The Food Gods Speak: Michael Pollan and Eric Schlosser Dish About Walmart, National Security, and Chicken Nuggets The Food Gods Speak: Michael Pollan and Eric Schlosser Dish About Walmart, National Security, and Chicken Nuggets
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The Food Gods Speak: Michael Pollan and Eric Schlosser Dish About Walmart, National Security, and Chicken Nuggets

by Nicola Twilley

February 21, 2011

Last year saw some of the biggest recalls in America's history, followed by the "will they or won't they" drama of the Food Safety Modernization Act's passage. The bill revealed deep schisms in the food movement, with several advocates of organic farming joining with libertarians to argue that the bill would unfairly penalize small producers and encroach on individual states' food security. Last November, Pollan and Schlosser co-authored an op-ed in The New York Times calling on the Senate to pass the bill. Last week, Pollan seemed the more hesitant of the two, explaining that the bill was the merely best that could be hoped for, given our schizophrenic foodscape:

We have two food systems, one less accessible than the other. The bill had to negotiate the tensions between the regulation required to deal with the industrial food system and the small farmers that can't afford regulation.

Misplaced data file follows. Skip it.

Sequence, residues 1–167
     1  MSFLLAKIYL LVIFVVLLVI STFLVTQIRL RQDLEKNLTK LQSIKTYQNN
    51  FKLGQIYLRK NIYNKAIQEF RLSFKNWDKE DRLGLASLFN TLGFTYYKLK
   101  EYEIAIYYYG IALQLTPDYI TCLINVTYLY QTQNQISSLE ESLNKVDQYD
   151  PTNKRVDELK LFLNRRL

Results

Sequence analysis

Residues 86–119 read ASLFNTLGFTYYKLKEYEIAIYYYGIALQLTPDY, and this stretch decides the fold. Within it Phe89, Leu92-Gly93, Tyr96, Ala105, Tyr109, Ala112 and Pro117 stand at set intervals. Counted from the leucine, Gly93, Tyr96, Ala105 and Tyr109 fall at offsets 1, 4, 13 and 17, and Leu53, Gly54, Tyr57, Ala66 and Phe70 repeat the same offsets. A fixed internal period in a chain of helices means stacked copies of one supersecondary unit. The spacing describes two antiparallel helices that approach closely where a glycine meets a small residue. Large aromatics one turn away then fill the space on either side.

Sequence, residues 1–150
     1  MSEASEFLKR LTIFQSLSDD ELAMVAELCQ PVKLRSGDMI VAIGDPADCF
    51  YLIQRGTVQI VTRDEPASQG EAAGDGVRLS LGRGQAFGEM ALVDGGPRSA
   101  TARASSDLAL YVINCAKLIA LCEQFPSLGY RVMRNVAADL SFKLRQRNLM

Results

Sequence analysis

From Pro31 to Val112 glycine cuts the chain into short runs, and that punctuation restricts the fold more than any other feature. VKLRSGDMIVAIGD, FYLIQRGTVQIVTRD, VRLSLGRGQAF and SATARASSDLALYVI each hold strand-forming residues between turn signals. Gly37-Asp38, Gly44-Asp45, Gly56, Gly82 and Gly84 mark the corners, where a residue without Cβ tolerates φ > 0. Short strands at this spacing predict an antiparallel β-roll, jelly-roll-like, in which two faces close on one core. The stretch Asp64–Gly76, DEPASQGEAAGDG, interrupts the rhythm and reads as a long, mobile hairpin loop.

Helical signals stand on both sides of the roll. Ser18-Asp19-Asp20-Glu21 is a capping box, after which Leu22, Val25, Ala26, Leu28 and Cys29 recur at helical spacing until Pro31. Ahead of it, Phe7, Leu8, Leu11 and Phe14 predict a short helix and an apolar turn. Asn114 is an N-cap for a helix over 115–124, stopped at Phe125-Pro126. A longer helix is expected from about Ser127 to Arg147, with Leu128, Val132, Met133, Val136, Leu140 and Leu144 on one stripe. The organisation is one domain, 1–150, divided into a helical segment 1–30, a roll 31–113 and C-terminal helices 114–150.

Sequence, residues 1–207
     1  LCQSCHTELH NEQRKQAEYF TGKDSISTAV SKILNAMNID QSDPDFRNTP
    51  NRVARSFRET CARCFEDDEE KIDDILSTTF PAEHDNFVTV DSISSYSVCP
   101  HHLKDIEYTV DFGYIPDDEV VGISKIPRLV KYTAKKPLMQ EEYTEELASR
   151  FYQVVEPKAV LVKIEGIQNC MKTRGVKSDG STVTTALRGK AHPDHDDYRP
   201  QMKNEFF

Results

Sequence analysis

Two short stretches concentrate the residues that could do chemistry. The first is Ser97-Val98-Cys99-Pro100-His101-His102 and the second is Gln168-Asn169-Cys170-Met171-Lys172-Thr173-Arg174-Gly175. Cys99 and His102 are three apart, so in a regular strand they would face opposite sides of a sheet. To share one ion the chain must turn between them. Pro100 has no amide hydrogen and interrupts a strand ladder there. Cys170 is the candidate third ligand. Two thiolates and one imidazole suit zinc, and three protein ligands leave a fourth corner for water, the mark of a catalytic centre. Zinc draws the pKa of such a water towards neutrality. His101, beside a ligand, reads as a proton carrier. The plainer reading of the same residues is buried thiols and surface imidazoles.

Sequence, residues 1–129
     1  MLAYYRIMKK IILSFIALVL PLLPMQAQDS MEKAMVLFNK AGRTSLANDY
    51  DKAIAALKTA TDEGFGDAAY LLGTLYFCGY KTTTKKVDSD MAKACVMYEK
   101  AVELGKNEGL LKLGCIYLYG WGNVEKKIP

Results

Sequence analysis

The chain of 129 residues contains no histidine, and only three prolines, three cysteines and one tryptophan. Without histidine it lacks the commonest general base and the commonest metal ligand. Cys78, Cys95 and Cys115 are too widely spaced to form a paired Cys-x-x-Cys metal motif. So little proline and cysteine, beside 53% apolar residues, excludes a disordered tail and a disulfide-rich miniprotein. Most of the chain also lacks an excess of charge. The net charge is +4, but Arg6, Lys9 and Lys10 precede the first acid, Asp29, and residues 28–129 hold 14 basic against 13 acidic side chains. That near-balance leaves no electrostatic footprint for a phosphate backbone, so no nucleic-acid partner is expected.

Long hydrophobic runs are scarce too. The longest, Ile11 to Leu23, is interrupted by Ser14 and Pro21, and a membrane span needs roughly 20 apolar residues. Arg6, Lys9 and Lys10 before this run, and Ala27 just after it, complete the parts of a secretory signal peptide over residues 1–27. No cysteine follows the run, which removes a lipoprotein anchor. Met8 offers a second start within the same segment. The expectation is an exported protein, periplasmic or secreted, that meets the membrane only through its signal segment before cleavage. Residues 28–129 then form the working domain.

Both Pollan and Schlosser were both lukewarm on the subject of Walmart's recent Michelle Obama-endorsed announcement that it would provide healthier foods in store. Pollan pointed to Walmart's history of "crushing their growers" by encouraging them to scale up and then demanding cuts of up to 20 percent when it comes time to renegotiate contracts. He added that it's "a waste of energy" to focus on "making better cookies and crackers," and that he is more interested in Walmart's commitment to re-regionalize their supply chain—if they follow through on it.

With Walmart's groceries feeding 40 percent of America, according to Pollan, their impact can be enormous—but "the fact that a company can make a bigger difference than the government is sad."

Schlosser picked up Pollan's point and took it further, arguing that the real issue is that we live in a situation where one single company can be both the problem and the solution: